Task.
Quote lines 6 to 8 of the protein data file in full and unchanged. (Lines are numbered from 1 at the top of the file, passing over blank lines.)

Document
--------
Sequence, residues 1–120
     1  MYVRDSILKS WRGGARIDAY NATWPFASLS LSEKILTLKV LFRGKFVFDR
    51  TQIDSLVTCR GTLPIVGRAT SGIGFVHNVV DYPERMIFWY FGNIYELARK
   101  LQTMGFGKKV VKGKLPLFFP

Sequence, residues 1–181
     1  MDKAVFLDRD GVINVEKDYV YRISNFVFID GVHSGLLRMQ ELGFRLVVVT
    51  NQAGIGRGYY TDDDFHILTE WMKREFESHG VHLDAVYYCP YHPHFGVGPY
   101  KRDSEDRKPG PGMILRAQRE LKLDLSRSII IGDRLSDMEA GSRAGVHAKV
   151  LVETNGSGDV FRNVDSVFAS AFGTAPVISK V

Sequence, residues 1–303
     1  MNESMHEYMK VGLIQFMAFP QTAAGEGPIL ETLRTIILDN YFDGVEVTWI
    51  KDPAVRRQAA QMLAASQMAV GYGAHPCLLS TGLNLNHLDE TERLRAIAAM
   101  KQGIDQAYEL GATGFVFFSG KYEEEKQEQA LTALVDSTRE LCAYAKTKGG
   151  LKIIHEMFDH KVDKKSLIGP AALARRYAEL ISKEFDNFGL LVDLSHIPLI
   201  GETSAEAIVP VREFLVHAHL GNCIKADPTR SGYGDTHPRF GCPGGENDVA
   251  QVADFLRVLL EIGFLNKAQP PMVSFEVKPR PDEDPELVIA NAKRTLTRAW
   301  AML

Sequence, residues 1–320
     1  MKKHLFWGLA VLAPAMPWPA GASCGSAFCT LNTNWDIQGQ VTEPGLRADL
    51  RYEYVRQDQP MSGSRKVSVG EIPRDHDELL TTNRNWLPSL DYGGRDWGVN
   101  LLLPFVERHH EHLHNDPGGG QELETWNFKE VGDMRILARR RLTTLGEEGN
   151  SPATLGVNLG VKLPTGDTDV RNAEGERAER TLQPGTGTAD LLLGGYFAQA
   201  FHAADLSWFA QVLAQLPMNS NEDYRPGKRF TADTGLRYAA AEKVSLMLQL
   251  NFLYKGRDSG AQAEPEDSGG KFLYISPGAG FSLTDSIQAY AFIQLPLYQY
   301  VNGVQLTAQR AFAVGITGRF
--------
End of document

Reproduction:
     1  MDKAVFLDRD GVINVEKDYV YRISNFVFID GVHSGLLRMQ ELGFRLVVVT
    51  NQAGIGRGYY TDDDFHILTE WMKREFESHG VHLDAVYYCP YHPHFGVGPY
   101  KRDSEDRKPG PGMILRAQRE LKLDLSRSII IGDRLSDMEA GSRAGVHAKV